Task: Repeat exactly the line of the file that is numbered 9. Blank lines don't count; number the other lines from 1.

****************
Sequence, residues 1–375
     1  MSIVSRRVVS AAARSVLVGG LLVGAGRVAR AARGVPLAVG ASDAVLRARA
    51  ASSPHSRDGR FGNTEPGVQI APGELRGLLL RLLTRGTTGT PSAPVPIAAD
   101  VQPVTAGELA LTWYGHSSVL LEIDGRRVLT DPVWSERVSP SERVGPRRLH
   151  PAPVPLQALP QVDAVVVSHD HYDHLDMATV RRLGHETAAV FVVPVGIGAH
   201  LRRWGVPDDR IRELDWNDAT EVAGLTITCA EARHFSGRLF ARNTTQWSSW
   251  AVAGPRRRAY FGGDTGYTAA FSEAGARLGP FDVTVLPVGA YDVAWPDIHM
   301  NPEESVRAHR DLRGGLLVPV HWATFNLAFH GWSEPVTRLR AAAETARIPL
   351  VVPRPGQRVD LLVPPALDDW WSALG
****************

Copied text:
   351  VVPRPGQRVD LLVPPALDDW WSALG